Critical thinking is widely considered to be a core educational goal and is rightly appreciated for its central educational importance. There are different ways of viewing criticality, from a narrow reckoning of it as logical, syllogistic thinking to a more inclusive appreciation of academic and intellectual honesty, deep listening and reflection rather than immediate hard-nosed scepticism. The American academic and father of philosophy for children, Matthew Lippman, spoke of “caring thinking” as one of the dispositional attributes of the critical thinker as he had noticed that a narrow definition based on argumentation could actually promote fairly unpleasant ways of being and interacting with others and it was necessary to place criticality within a broader perspective of humane and kind behaviour.
It is not without irony that in a world where scientific inquiry has never been more advanced, access to information and knowledge more democratised and literacy rates more widespread, there seems to be a dearth, and an increasing one at that, of critical thinking. With the recent surge of artificial intelligence, the need to actively and deliberately teach students to navigate information with discernment has become especially important.
However, it is only partly ironic: the more readily available information is and the easier it is to generate information online without checks and balances (such as publishing houses, review and vetting systems or similar checks and balances that filter what is produced on a mass scale), the easier it is to publish a whole range of personal opinions from speculation and conjecture to unsubstantiated theory to tenuous if not spurious claims to downright garbage, nonsense and, as we approach the far end of the spectrum, misinformation and lies. More recently we have seen false information generated by artificial intelligence affect the stock exchange.
There are obvious and blatant examples of postulates, policies and widely held opinions that are erroneous, sometimes dangerously so. These vary from history textbooks denying the existence of countries because of national propaganda, works of literature being censored or rewritten to make them more palatable and internet-spawned mumbo-jumbo on conspiracy theories, aliens, secret “systems” and so on.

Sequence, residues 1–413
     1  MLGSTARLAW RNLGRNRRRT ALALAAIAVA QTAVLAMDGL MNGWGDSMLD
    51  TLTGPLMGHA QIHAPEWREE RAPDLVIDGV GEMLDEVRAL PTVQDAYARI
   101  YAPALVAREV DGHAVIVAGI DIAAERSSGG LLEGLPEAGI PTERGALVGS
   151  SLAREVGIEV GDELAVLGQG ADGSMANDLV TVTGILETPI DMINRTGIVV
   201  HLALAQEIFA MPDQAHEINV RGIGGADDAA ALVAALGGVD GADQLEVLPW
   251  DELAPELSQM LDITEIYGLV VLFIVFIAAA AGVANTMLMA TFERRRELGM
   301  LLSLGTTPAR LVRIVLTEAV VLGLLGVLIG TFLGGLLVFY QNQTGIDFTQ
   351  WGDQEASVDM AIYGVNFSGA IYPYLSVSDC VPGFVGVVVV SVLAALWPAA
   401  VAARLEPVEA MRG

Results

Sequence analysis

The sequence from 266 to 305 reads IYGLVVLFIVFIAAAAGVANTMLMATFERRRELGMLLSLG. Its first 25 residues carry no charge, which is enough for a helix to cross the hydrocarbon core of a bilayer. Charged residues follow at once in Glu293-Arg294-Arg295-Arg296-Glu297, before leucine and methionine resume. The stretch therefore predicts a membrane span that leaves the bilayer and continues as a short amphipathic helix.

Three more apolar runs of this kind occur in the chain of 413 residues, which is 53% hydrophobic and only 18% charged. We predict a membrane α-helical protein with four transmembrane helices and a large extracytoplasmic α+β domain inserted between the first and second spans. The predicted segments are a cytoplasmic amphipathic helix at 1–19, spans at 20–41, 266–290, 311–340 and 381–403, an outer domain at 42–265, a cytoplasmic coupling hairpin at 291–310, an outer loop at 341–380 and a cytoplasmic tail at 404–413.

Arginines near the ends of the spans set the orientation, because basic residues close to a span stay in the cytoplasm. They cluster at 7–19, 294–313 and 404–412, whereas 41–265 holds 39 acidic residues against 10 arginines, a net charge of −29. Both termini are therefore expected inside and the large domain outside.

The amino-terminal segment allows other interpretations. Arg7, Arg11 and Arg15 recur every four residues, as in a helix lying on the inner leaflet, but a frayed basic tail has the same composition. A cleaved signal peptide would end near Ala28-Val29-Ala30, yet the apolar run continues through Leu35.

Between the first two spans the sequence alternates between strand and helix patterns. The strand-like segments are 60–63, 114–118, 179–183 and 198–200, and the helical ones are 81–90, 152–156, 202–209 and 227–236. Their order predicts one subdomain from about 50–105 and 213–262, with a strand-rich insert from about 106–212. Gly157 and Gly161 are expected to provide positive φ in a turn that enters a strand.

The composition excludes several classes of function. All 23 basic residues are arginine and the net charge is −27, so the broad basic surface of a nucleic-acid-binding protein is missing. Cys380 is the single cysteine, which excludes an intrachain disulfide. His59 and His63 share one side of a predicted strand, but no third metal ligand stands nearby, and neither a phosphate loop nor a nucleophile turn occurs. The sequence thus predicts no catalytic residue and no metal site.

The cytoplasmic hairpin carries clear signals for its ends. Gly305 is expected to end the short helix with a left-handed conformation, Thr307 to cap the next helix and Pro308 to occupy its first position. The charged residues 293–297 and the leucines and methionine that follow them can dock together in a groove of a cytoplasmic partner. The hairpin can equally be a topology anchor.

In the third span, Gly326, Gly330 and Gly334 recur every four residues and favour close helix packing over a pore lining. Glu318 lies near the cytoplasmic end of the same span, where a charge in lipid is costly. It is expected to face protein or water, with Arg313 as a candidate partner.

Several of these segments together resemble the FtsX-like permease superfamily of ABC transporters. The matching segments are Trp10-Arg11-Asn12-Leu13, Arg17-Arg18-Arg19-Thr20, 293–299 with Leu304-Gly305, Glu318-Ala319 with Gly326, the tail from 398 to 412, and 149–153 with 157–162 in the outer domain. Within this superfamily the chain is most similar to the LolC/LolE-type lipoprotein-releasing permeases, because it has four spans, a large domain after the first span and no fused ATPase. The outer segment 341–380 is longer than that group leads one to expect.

The question, quite clearly, is how to promote and nurture critical thinking. As a Theory of Knowledge teacher, this year I will take some time with my students to unpack the essential vocabulary of knowledge: words like certainty, evidence, truth, explanation, interpretation, objectivity, perspective, culture, power, responsibility and values. In the lower years, my colleagues will be having Philosophy for Children discussions with students so as to habituate them to make points in a careful, responsible and measured fashion.
However, I find that a more subtle, pernicious and pervasive attack on critical thinking is very simply a lack of reading. I don’t mean by this an inability to read, but a lack of effort to do so: not reading reports but having an opinion on them, referring to unread studies, piggy-backing on second, third or fourth hand condensations of original material that seems to have been digested by few if any people at all.
Recently UNESCO published its annual Global Education Monitoring Report . It is a hefty 418 page document that explains, quite rightly, how complex the dilemma of technology in education is. In discussing the effect of devices on concentration, the report points out that
Student use of devices beyond a moderate threshold may have a negative impact on academic performance. The use of smartphones and computers disrupts classroom and home learning activity. A meta-analysis of research on the relationship between student mobile phone use and educational outcomes covering students from pre-primary to higher education in 14 countries found a small negative effect, which was larger at the university level. (p.81)